Novel approaches to improved treatments for orphan genetic diseases: Enhanced intracellular delivery of protein therapy through natural transport mechanisms
The development of a means to restore missing proteins to diseased cells consistently and efficiently remains a prominent goal in molecular medicine. While gene therapy has the potential to accomplish this task, considerable obstacles must be overcome before it becomes clinically applicable. Protein therapy on the other hand, comprises the direct delivery of missing proteins to cells circumventing the need for transfer of genetic material into cells, thereby avoiding many of the problems and concerns associated with gene therapy.
Interest in protein therapy has resulted in significant advances in refining protein delivery vehicles. One approach has focused on cell-penetrating peptides, which are short, basic peptides that penetrate living cells. While these peptides are of obvious interest and hold great potential in protein therapy, their use in the treatment of human disease may be limited by documented pro-inflammatory and toxic characteristics.
Conversely, employing a novel protein-transduction technology to deliver biologically active proteins to living cells could profoundly impact the clinical viability and efficacy of protein therapy for a wide range of diseases caused by a specific protein deficiency and for diseases where therapies need better uptake into the tissue or organ most likely to benefit from the therapy.
One approach currently being clinically evaluated is enhanced intracellular delivery of therapeutics via natural transport mechanisms known to be present on cell membranes. Valerion Therapeutics’antibody delivery technology, for example, employs the tissue-localized membrane transporter (ENT2), a receptor which is ubiquitously expressed on cells but naturally enriched in skeletal muscle, liver and central nervous system. The antibody can be genetically fused or chemically conjugated to specific proteins, enzymes and other macromolecules and deliver them to the target tissue, providing a novel way to treat a number of diseases with limited or no current therapeutic options.
Lysosomal storage diseases such as Pompe disease is one example where this approach could add value beyond existing marketed treatments. The development of enzyme replacement therapy has made significant contributions to delaying disease progression by clearing toxic lysosomal glycogen;however, after a period of modest improvement, many patients ultimately progress and resume their downward trajectory in skeletal muscle and respiratory function due to accumulation of extra-lysosomal glycogen.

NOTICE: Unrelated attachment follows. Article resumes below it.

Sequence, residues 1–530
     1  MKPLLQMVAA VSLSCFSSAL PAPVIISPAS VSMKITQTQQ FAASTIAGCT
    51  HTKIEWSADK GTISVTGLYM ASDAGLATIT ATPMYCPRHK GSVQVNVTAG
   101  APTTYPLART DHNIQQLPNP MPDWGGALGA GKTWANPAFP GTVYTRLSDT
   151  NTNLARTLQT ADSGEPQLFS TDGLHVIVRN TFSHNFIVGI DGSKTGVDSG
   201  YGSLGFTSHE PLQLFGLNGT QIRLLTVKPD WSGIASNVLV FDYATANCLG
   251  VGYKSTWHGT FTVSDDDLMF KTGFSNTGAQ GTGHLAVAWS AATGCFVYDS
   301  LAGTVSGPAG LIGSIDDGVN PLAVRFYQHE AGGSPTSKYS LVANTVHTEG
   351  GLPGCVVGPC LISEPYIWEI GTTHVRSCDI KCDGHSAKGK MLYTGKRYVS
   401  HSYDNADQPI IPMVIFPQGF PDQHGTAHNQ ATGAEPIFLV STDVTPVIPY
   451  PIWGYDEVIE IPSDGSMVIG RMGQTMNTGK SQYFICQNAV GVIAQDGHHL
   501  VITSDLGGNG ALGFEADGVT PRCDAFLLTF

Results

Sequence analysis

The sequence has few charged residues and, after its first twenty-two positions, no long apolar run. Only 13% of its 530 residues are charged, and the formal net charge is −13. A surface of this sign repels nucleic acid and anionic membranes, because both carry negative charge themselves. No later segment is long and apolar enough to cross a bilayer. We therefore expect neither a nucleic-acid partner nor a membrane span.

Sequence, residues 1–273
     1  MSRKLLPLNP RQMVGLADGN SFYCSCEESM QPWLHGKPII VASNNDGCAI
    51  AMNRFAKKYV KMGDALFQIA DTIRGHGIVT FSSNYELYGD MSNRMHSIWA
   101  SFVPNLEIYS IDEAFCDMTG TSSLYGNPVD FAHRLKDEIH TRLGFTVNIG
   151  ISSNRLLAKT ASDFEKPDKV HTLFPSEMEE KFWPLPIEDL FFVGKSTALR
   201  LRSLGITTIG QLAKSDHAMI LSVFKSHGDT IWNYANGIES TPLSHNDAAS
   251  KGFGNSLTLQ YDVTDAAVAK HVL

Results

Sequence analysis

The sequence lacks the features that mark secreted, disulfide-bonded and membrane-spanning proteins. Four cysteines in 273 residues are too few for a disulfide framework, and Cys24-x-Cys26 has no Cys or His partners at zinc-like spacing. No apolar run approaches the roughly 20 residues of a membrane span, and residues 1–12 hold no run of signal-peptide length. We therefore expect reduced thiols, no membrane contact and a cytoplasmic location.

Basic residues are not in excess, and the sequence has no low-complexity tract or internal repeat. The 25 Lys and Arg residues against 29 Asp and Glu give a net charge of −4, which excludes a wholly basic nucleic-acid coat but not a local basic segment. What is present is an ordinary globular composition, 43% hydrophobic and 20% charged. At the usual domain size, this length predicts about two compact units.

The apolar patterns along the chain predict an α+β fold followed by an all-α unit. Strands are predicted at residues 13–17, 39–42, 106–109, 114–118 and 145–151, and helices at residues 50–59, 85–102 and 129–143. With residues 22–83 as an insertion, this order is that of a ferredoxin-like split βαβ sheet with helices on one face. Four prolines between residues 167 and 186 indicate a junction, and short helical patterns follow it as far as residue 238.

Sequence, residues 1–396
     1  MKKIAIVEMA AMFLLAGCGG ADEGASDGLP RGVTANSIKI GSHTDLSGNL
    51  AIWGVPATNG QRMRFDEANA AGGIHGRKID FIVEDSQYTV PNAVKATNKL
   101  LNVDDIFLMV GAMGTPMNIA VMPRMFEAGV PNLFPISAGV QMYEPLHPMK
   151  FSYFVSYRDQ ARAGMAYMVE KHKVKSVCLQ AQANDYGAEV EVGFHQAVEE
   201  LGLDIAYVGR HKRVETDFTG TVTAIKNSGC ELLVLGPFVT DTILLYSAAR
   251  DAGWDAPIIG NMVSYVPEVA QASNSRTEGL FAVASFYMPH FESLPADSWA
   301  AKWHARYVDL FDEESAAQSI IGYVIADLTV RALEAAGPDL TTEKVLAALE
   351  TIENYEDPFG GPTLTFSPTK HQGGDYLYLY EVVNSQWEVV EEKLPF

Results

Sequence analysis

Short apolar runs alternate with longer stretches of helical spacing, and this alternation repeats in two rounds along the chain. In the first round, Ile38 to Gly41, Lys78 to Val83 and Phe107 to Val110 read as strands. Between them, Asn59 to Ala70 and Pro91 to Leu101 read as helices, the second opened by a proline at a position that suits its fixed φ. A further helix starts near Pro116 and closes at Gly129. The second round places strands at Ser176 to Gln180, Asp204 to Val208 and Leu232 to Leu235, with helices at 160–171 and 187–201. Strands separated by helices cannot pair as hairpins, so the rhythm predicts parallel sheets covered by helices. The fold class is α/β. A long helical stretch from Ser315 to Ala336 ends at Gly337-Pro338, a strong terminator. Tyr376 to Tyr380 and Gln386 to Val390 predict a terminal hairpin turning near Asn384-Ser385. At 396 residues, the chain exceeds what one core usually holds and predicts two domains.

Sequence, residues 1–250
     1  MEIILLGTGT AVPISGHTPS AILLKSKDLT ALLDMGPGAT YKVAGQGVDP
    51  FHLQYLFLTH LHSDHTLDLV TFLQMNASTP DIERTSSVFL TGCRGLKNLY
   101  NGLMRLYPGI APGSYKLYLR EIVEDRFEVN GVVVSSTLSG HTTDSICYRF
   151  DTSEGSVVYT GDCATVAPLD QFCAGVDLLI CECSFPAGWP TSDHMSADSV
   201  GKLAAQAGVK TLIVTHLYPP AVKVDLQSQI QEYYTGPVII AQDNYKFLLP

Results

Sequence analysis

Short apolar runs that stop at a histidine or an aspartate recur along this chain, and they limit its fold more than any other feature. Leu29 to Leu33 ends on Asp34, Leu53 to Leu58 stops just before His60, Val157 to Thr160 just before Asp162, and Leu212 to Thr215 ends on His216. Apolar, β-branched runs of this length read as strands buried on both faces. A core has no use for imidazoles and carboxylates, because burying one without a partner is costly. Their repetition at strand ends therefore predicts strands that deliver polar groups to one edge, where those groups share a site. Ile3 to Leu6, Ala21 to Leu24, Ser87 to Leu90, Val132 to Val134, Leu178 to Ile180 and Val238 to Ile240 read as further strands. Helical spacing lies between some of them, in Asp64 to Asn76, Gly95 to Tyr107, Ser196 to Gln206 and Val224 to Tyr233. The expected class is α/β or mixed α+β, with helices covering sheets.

For sustained clinical benefit, both lysosomal and extra-lysosomal glycogen must be cleared from skeletal muscle. One potential solution is Valerion’s investigational fusion protein, VAL-1221, a therapeutic uniquely designed to target both lysosomal and extra-lysosomal glycogen in skeletal muscle. This is achieved by combining Valerion’s antibody-mediated delivery technology with recombinant human acid alpha-glucosidase (rhGAA) to drive improved delivery of rhGAA to muscle.
Maryze Schoneveld van der Linde, patient living with Pompe Disease
In preclinical studies, VAL-1221 was found to reduce lysosomal glycogen accumulation as effectively as current enzyme replacement therapies, and penetrated living cells independent of the mannose-6-phosphate receptor (M6PR), the mechanism of cell entry employed by current treatments that direct the ERT enzyme to the lysosome. VAL-1221 is currently in clinical studies in patients with late-onset Pompe disease and top-line data are expected in late-2017.
When asked what it’s like to live with Pompe diseaseand her hopes for future therapies, wheelchair-bound Pompe patient MaryzeSchoneveld van der Linde said “Pompeis a very debilitating disease often leading to a loss of limb mobility and breathing function so serious as to require the use of wheelchairs and full time respiratory support, in addition to terrible and constant pain. Pompe dramatically limits quality of life in most patients, and in its most severe forms, can even be fatal. Significant unmet need exists for a variety of new therapeutic options that offer the potential to treat all Pompe patients.”